VersaHaul is a Lafayette, Ind., company that provides a wide range of products for transporting all sorts of vehicles. For a trip from Austin to Colorado for the 50th Annual Rocky Mountain Trials Association Ute Cup, I transported my Vertigo Combat Ice Hell motorcycle using the VersaHaul VH-55 RO carrier, with the optional Taillight Kit and V-Strap Motorcycle Kit tie-downs.
The light kit provides that extra peace of mind when crossing states and into the Rocky Mountains, knowing your lights can be seen by all. It also means less chance of causing law enforcement to take a close look at you. The six-foot ratcheting tie-downs are real heavy-duty kit, too, measuring one-inch wide—quality all around.
When the VersaHaul VH-55 RO was delivered, I was not disappointed. The box is not light—shipping weight is nearly 100 pounds—so be careful when trying to move it. You will need a dolly or hand truck to do it safely. The weight of the package translates to a well-made, designed, and constructed unit.
I watched a couple of videos online before it arrived to see if there were any tips I would need to know. There were, and they did help. That said, it is a straightforward install. Following the instructions provided makes it go smoothly.
As I pulled each component out of the box, I was impressed with the quality of the metalwork, finish, and simplicity of the VersaHaul VH-55 RO. I installed the light kit first—a tip I learned from watching one of the videos. Next, I put the carrier onto the hitch, adding the removable tie-down outriggers as the next step. The spring pin fasteners that hold the tie-down outriggers in place are heavy-duty and a cracking design solution. I put the light units on last, followed by the supplied reflectors, just to be totally covered.
As the carrier is not light, taking it on and off regularly will require strong quads and glutes, with a straight back technique. I was slipping it into the hitch on my Dodge Ram 15000 Rebel. The carrier also has a hitch of its own, so you can tow up to 3000 pounds behind it. VersaHaul also has a wide variety of accessories to handle virtually any sort of hitch requirements, as long as you have at least a Class III hitch—a Class IV is even better, of course.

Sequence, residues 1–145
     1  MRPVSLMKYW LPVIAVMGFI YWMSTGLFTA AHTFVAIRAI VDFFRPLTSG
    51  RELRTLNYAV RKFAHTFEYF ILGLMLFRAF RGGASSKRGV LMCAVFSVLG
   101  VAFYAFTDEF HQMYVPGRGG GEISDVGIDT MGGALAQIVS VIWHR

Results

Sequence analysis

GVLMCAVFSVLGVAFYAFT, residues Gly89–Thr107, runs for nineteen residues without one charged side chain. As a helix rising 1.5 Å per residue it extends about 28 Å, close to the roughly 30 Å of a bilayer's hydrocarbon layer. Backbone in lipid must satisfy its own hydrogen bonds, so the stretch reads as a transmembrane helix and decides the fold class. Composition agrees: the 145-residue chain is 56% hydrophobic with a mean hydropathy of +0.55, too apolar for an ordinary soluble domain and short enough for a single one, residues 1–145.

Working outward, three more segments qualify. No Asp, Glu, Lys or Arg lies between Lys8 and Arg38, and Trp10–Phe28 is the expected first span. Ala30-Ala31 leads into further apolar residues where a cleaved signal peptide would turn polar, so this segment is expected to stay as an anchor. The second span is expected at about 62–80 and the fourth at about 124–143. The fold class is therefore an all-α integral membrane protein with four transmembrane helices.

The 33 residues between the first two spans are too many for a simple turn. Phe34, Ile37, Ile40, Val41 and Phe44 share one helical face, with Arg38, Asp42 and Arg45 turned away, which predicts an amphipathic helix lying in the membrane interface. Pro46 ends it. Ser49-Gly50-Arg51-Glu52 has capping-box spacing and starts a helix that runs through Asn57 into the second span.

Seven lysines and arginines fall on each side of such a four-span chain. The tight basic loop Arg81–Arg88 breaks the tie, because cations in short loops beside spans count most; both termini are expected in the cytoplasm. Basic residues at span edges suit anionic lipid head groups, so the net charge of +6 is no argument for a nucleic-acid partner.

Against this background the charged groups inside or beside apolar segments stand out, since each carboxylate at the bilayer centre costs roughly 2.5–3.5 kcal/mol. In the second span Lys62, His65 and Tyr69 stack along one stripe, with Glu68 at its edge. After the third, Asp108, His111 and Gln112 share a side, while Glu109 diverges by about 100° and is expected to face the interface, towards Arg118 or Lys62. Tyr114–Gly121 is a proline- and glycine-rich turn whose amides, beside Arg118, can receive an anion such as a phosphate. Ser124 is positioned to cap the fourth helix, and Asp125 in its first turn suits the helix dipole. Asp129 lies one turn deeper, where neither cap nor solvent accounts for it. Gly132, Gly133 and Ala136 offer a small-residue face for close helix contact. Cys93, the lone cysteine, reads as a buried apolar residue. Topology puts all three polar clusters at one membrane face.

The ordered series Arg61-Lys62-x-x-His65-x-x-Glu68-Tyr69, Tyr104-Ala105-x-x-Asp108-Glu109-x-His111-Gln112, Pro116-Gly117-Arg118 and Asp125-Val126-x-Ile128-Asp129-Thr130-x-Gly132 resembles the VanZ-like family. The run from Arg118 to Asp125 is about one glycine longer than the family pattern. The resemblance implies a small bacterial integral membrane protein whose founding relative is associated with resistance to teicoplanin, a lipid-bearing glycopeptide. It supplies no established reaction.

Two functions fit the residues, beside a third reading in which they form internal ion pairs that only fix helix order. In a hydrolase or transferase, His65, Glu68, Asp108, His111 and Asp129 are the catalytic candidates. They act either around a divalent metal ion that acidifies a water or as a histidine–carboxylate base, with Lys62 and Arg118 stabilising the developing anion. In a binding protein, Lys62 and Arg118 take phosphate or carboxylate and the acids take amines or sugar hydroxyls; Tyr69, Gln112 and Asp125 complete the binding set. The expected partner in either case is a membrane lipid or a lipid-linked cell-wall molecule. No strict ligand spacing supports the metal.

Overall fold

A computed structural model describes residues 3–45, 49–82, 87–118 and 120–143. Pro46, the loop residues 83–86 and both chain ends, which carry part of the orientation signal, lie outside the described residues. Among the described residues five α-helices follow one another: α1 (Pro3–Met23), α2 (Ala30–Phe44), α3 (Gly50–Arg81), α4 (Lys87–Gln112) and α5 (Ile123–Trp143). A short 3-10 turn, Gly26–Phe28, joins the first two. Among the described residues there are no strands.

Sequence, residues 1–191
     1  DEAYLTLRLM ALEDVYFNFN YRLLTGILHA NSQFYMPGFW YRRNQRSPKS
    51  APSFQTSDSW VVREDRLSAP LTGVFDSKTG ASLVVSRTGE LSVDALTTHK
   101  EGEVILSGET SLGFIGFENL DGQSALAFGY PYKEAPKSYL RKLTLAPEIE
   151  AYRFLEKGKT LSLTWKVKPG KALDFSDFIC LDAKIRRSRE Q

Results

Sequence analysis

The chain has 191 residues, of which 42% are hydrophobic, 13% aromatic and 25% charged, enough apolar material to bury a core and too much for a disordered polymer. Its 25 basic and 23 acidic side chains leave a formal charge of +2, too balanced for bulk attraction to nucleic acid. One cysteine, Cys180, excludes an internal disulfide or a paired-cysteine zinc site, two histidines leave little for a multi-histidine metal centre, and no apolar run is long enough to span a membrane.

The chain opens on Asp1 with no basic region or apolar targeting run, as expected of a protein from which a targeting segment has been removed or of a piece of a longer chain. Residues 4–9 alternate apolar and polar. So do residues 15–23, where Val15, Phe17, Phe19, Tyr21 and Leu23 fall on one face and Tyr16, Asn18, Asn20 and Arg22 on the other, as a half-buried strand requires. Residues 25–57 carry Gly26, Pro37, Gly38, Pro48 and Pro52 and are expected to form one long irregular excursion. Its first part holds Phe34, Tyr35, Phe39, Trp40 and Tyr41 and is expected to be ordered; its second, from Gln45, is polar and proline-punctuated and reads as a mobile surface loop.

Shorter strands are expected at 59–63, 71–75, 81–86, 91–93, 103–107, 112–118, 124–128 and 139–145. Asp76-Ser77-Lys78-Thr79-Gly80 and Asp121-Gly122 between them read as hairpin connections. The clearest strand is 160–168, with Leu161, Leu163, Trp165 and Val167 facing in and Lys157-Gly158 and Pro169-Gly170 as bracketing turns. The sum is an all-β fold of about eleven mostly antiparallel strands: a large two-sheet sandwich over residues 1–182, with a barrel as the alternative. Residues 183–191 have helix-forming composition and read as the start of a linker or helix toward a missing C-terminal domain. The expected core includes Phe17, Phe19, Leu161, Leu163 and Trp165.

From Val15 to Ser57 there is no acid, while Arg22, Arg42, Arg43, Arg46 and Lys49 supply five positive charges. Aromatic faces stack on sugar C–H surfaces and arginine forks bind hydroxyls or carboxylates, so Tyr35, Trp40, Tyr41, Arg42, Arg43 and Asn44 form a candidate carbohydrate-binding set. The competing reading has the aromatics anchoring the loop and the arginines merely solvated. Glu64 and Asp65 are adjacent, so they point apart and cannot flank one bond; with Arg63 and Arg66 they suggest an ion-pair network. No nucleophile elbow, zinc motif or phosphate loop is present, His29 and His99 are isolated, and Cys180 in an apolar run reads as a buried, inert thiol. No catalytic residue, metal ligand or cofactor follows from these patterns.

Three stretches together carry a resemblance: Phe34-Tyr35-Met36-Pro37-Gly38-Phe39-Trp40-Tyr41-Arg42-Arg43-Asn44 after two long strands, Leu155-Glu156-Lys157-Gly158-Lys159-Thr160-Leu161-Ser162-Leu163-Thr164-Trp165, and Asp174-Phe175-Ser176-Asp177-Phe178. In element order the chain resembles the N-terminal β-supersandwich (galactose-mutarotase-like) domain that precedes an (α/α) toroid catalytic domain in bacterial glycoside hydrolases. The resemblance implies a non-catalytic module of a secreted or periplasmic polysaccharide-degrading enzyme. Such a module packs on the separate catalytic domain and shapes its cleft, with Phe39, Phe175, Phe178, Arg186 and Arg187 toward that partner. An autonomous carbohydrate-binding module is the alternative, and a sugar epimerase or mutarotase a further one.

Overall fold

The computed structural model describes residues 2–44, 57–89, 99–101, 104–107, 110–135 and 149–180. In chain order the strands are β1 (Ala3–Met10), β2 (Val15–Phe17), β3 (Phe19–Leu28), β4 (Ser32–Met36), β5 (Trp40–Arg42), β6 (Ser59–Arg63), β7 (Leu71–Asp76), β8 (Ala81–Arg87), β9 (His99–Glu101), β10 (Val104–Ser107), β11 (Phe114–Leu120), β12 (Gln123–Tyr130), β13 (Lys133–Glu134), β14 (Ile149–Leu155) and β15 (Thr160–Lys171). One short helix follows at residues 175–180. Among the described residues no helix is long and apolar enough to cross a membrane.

It was easy to load my admittedly light Vertigo trials bike onto the carrier using the included ramp, which is nearly five-feet long. Ground clearance will not be an issue on any dirt bike, but could come into play with a street bike.
The V-Strap Kit makes it each to cinch down the motorcycle onto the carrier. There are two ratchet straps and two cam-buckle straps, both one-inch wide, along with four closed-loop straps to keep your motorcycle scratch-free and away from the plastic-coated hooks. That is enough to tie-down a motorcycle with confidence.
For the VersaHaul VH-55 RO’s first test, I drove to Colorado for a family fly fishing trip, as part of the Ute Cup two-day trail. The fly-fishing trip has been a staple in my mother-in-law’s life for seven decades, so for a couple of weeks in the summer, my family takes their fly fishing quite seriously. Of course, I wanted to ride in the Ute Cup, having heard stories from my riding buddies how fun, hard, and satisfying it was to compete in this event.
The trip I covered over 2700 miles, with 300 of those off-road. After driving to Fairplay for a week of fishing, I continued to Del Norte, near the Ute Cup pits.
The drive to Fairplay from Texas was trouble-free, even though it took me 300 miles to stop looking in my mirrors to see if the rack and bike were okay. The VersaHaul VH-55 RO was solid; nothing on it rattled loose, the V-Strap kit kept my bike tight and safe. I was very impressed, but like any motorcycle riding Englishman, I couldn’t have 100 percent trust—not just yet.